Wall Street gains as earnings flow in; Boeing up
NEW YORK — Stocks rose on Wall Street on Wednesday as corporate earnings reports got off to a good start.
The Dow Jones industrial average climbed 61.66 points to 13,390.51, its first gain of the week. The Standard & Poor's 500 index gained 3.87 points to 1,461.02, and the Nasdaq composite rose 14 to 3,105.81.
Having rallied after a last-minute resolution stopped the United States from going over the “fiscal cliff,” stocks are facing their first big challenge of the year as companies start to report earnings for the fourth quarter of 2012.
Throughout last year, analysts cut their outlook for earnings growth in the period and now expect them to rise by 3.21 percent, according to data from S&P Capital IQ.
“Maybe earnings expectations were a little too low,” said Ryan Detrick, a strategist at Schaeffer's Investment Research.
“You don't need to have great earnings; you just need to beat those expectations” for stocks to rally, he said.
Early indications were decent. Aluminum maker Alcoa reported late Tuesday that it swung to a profit for the fourth quarter, with earnings that met Wall Street's expectations.
Alcoa brought in more revenue than analysts had expected, and the company predicted rising demand for aluminum this year as the aerospace industry gains strength.
Alcoa is usually the first Dow component to report earnings every quarter.
Despite the better revenue number, Alcoa's stock performance on Wednesday was lackluster. It traded higher for part of the day then ended down 2 cents at $9.08.
Other companies fared better after reporting earnings. Helen of Troy, which sells personal care products under brands including Dr. Scholl's and Vidal Sassoon, rose 2.7 percent, up 90 cents to $34.43 after reporting a 15 percent increase in quarterly net income.
The yield on the 10-year Treasury note edged down to 1.86 percent from 1.87 percent.
Show commenting policy
TribLive commenting policy
You are solely responsible for your comments and by using TribLive.com you agree to our Terms of Service.
We moderate comments. Our goal is to provide substantive commentary for a general readership. By screening submissions, we provide a space where readers can share intelligent and informed commentary that enhances the quality of our news and information.
While most comments will be posted if they are on-topic and not abusive, moderating decisions are subjective. We will make them as carefully and consistently as we can. Because of the volume of reader comments, we cannot review individual moderation decisions with readers.
We value thoughtful comments representing a range of views that make their point quickly and politely. We make an effort to protect discussions from repeated comments either by the same reader or different readers.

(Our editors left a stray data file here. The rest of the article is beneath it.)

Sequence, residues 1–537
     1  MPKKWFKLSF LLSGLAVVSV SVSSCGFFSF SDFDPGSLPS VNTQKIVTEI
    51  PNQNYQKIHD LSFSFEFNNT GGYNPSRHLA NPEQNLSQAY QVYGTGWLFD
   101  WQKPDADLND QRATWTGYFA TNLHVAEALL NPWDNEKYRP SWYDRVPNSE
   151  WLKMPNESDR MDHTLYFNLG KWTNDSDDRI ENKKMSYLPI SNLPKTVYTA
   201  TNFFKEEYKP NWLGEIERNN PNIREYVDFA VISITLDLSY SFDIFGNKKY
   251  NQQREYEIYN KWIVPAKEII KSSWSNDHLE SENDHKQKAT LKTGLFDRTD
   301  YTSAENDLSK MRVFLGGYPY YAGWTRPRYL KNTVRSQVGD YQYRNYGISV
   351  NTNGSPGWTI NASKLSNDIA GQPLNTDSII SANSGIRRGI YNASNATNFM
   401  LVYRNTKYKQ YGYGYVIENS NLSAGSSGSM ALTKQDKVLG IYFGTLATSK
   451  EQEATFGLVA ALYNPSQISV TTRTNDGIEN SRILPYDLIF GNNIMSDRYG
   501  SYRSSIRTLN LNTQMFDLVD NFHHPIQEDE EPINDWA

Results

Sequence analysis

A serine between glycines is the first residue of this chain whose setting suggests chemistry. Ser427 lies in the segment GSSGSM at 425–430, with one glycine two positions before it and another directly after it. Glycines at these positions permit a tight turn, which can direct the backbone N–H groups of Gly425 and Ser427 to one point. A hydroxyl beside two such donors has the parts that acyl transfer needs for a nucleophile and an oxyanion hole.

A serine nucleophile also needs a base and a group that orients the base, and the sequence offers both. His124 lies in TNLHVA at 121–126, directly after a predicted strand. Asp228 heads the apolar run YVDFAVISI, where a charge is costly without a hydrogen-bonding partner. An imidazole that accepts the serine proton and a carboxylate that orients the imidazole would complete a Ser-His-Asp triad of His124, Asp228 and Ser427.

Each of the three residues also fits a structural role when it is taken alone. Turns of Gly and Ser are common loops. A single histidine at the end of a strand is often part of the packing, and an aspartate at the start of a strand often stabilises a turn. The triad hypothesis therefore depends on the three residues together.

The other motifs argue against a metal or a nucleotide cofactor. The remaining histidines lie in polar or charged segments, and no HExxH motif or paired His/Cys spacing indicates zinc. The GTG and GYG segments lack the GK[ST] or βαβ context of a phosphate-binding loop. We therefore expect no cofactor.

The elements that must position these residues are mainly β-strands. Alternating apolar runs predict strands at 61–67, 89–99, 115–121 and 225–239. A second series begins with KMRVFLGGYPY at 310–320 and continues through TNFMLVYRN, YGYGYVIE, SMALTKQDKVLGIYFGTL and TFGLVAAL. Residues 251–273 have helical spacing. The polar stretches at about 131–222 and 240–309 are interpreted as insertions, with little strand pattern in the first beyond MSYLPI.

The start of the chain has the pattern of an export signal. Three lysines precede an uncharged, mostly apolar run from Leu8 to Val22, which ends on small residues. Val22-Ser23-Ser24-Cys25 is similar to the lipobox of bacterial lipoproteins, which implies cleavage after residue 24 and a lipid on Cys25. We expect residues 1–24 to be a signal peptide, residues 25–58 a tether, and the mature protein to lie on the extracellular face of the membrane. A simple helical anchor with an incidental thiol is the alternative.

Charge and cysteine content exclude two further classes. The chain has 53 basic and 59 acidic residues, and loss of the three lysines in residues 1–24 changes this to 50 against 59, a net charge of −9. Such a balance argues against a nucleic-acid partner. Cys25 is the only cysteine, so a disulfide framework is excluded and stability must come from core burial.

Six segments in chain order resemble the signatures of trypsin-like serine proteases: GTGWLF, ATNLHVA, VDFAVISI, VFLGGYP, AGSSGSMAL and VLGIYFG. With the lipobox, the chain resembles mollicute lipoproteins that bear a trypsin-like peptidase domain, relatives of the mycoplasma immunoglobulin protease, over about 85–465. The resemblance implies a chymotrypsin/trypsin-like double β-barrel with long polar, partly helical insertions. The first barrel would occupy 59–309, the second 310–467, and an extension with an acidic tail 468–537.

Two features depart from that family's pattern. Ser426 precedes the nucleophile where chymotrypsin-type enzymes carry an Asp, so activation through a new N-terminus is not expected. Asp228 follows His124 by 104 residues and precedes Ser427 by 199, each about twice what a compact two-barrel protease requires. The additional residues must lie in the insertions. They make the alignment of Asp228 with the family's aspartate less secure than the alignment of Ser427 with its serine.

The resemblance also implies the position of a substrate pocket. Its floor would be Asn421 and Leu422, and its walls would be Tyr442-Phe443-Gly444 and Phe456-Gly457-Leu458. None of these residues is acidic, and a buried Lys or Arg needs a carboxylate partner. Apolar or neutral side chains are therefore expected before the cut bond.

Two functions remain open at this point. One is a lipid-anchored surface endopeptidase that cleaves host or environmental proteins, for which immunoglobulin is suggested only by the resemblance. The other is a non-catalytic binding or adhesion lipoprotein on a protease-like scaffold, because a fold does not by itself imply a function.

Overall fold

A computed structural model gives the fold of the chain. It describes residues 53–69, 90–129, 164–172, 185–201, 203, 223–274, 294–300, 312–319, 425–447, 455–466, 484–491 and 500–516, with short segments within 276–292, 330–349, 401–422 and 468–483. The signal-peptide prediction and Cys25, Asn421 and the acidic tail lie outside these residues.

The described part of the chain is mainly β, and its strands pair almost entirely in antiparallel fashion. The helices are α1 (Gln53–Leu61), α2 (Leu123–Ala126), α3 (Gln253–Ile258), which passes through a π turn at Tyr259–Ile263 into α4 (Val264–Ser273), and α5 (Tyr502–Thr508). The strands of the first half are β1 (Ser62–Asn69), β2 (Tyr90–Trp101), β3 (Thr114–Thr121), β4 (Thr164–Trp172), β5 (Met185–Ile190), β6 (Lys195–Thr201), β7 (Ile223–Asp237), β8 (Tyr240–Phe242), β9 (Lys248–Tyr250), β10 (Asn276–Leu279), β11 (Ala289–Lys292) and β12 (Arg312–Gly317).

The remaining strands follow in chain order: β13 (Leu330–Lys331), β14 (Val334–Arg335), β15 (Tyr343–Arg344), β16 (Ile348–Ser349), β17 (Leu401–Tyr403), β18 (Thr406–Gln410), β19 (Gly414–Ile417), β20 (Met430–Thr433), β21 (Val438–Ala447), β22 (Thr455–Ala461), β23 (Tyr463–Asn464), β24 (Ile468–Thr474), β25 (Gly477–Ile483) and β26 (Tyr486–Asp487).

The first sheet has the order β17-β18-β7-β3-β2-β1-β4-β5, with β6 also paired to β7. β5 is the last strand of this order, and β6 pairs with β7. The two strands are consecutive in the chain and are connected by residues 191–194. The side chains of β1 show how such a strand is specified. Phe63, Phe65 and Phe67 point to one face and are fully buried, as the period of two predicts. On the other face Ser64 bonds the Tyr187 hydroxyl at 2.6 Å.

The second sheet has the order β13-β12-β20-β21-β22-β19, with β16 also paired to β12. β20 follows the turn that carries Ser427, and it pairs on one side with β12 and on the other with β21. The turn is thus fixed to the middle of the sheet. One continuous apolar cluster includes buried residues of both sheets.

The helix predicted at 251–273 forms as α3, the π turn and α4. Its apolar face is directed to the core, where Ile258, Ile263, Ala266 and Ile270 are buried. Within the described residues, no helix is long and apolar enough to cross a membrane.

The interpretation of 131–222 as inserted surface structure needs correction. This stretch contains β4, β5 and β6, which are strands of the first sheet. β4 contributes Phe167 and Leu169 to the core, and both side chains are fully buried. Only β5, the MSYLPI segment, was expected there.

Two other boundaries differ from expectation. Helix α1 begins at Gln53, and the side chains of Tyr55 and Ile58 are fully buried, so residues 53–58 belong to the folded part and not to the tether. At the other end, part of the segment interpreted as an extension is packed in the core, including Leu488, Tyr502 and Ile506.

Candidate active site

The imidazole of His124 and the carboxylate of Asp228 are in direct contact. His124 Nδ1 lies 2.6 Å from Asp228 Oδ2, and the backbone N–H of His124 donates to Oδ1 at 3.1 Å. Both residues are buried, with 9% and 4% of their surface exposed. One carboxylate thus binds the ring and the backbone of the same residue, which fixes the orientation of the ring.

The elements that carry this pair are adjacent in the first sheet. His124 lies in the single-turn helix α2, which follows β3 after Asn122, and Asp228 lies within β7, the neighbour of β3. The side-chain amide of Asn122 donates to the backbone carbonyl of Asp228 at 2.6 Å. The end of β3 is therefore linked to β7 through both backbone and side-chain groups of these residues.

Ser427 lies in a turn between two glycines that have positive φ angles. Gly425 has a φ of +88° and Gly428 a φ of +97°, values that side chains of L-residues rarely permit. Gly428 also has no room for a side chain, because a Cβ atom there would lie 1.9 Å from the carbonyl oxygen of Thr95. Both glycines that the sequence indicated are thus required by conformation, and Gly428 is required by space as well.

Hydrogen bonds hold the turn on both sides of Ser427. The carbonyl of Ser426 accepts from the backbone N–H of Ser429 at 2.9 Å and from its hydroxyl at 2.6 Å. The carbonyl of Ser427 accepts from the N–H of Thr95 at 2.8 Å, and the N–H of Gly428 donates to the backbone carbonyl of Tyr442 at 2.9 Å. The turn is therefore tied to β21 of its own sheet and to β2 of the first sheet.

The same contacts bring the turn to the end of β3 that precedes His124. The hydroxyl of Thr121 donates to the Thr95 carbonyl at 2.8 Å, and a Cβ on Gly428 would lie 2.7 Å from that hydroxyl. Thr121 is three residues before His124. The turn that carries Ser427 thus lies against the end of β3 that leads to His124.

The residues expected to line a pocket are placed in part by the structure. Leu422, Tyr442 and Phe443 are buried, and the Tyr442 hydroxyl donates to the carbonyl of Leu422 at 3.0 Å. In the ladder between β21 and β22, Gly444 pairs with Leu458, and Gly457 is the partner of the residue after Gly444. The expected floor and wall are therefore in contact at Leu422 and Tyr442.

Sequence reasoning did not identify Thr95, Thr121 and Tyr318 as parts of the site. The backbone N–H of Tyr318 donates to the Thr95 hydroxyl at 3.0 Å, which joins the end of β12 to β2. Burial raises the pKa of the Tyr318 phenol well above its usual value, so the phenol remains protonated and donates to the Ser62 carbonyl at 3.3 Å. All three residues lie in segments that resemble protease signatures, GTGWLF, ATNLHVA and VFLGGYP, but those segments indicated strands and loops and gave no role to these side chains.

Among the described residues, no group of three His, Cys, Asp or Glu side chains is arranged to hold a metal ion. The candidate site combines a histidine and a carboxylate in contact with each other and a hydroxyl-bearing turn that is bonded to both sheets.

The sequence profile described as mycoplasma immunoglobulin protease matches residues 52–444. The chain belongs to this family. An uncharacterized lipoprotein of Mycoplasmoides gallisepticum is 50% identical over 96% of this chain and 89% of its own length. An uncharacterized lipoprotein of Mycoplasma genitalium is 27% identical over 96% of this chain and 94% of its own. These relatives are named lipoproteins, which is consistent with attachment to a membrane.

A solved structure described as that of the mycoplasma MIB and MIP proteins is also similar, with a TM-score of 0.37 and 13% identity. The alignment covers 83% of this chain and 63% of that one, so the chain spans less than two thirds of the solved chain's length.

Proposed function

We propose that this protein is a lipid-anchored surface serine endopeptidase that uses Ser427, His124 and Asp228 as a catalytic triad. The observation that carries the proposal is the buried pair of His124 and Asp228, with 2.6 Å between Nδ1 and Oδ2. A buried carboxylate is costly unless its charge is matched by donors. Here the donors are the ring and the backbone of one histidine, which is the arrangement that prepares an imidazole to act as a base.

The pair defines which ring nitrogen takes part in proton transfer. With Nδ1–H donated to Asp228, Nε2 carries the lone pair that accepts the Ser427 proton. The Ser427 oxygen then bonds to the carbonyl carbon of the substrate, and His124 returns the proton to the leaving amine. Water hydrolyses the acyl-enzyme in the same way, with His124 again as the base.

We follow the same standards for taste as the daily newspaper. A few things we won't tolerate: personal attacks, obscenity, vulgarity, profanity (including expletives and letters followed by dashes), commercial promotion, impersonations, incoherence, proselytizing and SHOUTING. Don't include URLs to Web sites.
We do not edit comments. They are either approved or deleted. We reserve the right to edit a comment that is quoted or excerpted in an article. In this case, we may fix spelling and punctuation.
We welcome strong opinions and criticism of our work, but we don't want comments to become bogged down with discussions of our policies and we will moderate accordingly.
We appreciate it when readers and people quoted in articles or blog posts point out errors of fact or emphasis and will investigate all assertions. But these suggestions should be sent via e-mail. To avoid distracting other readers, we won't publish comments that suggest a correction. Instead, corrections will be made in a blog post or in an article.
- PPG Industries to buy Westmoreland Supply paint store chain
- Large-scale batteries are integral in shift to renewable energy
- 113 Federal Reserve staffers earn more than chief Yellen
- Open enrollment puts varied impact of health care law back in focus
- Mortgage in reach despite few dings
- Energy Spotlight: Steve Anthos
- Sand may become weak link in fracking
- Hackers rip into heart of open-source software
- Natural gas industry tries to find uses for abundance of product from shale drilling
- Student loan debt presents paradox
- Small businesses plan for profitable winter